With supply drastically affected, Europe's already-high energy prices would likely skyrocket.
"If we will get additional volumes from Norway and from Azerbaijan and from Qatar and from the United States, then we can build up a scenario how to handle the situation that is theoretically possible if we have full disruption of gas flows from Russia," said European Commissioner for Energy Kadri Simson, speaking at a news conference on Tuesday.
One short-term solution is importing liquefied natural gas from countries like Qatar and the U.S. The U.S. has dramatically increased its exports of LNG to Europe in recent years. But experts say that LNG supplies would likely be unable to cover all needs in the case of a complete Russian cutoff.
Quickly implementing alternatives to natural gas is a challenge. For instance, coal is not an attractive solution, given efforts by many European countries to reduce carbon emissions and tackle climate change.
What is the view from Russia on this issue?
In a sense, analysts say, now could be an opportune time for Putin to cut the lines: Russia is sitting on $630 billion in currency reserves, meaning it could potentially afford a short-term hit to revenue. Meanwhile, gas and oil prices are very high, so a cutoff would seriously hurt the coffers of European countries scrambling to cover the shortfall.
But just as Europe depends on Russia for gas, Russia also depends on Europe for revenue. Europe buys nearly three-quarters of Russia's gas.
With gas prices spiking, Russia's natural gas sales soared to more than $60 billion in 2021. The country's largest gas company, Gazprom, is majority state-owned, and revenues from sales make up a major portion of Russia's federal budget.
"It needs oil and gas revenues at least as much as Europe needs its energy supply. Two-thirds of Russia's export revenues come from oil and gas. That's about half of Russia's budget revenues. So this is far from checkmate for Putin. This is a codependency," Daleep Singh, the White House deputy national security adviser for international economics, told NPR.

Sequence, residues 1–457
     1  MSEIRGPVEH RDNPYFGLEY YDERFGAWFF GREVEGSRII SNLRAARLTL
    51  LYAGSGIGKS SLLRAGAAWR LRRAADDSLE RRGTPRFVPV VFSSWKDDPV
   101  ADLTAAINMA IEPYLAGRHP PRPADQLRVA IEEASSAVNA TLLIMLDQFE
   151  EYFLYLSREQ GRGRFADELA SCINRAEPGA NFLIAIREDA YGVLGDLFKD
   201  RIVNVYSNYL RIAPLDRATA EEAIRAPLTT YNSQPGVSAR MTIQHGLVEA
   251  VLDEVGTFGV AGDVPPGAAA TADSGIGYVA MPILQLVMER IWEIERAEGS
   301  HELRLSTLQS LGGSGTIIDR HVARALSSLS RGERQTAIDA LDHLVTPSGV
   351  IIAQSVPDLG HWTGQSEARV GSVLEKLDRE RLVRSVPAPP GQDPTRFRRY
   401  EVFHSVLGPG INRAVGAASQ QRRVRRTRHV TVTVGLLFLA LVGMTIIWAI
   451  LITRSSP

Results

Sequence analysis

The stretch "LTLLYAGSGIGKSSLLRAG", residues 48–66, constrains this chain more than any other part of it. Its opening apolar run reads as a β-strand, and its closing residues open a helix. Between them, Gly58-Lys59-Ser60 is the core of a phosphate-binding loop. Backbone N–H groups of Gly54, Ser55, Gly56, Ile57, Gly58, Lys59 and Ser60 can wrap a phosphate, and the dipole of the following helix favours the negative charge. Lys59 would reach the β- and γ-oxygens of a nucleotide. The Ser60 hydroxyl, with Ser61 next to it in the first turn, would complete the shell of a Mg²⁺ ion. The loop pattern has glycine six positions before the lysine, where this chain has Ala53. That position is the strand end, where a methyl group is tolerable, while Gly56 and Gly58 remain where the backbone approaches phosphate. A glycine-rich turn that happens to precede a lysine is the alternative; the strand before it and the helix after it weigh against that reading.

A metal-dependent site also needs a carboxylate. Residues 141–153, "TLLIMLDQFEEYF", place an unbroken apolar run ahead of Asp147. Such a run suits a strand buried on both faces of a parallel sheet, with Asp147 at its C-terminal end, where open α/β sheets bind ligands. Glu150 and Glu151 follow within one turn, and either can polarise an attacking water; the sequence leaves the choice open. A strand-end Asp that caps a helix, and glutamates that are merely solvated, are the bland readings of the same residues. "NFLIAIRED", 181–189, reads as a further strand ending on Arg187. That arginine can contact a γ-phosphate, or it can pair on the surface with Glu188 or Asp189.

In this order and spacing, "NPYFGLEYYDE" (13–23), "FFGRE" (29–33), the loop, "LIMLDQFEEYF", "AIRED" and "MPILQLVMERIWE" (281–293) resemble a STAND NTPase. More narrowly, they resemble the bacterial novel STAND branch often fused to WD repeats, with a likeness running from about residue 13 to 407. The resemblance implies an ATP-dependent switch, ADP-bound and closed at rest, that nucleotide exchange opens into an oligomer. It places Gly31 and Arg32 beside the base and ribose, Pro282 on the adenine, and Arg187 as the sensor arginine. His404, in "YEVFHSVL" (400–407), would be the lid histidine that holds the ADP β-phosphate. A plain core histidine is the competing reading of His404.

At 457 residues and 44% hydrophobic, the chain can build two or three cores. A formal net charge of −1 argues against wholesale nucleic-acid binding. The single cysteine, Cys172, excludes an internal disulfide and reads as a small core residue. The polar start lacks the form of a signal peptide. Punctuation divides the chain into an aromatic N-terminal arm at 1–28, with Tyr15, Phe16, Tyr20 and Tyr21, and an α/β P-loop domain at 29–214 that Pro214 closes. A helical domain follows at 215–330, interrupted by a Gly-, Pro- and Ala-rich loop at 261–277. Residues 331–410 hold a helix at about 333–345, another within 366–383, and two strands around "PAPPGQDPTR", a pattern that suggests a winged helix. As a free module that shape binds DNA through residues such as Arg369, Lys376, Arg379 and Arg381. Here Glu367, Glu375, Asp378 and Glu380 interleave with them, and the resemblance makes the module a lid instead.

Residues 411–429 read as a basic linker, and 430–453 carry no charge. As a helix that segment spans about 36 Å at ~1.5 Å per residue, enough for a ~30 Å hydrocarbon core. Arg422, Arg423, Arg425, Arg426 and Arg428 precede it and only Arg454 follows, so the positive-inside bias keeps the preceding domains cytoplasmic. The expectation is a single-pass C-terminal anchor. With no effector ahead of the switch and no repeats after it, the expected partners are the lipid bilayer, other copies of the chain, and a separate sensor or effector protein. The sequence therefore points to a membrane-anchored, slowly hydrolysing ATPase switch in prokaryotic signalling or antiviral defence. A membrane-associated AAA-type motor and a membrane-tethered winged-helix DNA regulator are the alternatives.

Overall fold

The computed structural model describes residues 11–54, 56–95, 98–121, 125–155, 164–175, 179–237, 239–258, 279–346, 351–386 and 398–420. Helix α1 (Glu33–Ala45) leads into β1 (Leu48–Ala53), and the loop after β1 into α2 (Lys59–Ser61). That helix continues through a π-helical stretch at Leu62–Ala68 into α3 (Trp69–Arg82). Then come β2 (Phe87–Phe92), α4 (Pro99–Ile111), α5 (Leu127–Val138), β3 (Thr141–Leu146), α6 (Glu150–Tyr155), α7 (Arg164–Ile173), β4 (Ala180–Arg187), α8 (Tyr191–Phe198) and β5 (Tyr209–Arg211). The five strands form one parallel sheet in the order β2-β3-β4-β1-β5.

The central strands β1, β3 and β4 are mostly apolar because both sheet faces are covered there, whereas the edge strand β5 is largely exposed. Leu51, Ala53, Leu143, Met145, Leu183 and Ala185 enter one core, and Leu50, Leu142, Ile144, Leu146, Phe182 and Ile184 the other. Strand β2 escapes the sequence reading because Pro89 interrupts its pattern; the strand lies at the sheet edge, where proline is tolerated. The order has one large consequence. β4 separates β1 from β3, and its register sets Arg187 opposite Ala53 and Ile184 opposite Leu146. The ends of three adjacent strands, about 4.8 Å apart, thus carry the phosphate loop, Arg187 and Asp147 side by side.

A cutoff would also likely prompt Europe to fast-track alternative energy sources, says Henning Gloystein, director of energy at the Eurasia Group.
"There would be an immediate, concerted effort by the European Union to permanently reduce gas reliance on Russia, which obviously won't solve the problem this winter. But over the next two years, that would have pretty strong consequences," Gloystein says.
How does the U.S. play into all this?
The Biden administration says it is hitting Russia with sanctions while trying to avoid impacts on fuel supply and prices.
"Our sanctions package is specifically designed to allow energy payments to continue," Biden said on Thursday.
"We are closely monitoring energy supplies for any disruption. We've been coordinating with major oil producing and consuming countries toward our common interests to secure global energy supplies."
He said the U.S. would release more barrels of oil if needed and is coordinating with other countries to do so too.
But when the White House announced penalties on the company building Nord Stream 2 earlier this week, President Biden said, "Through his actions, President Putin has provided the world with an overwhelming incentive to move away from Russian gas and to other forms of energy."
The U.S. and European countries are now hitting Russia with a raft of more sanctions, including on Russian banks and elites.
Helping to diversify European energy supplies has been part of the U.S. response, alongside NATO defense and diplomatic efforts.
"We've been working very closely with Germany and with Europe to surge capacity from other parts of the world — from Europe, from North Africa, the Middle East and Asia — and we think we're prepared to compensate for any shortfalls that might materialize," said Singh.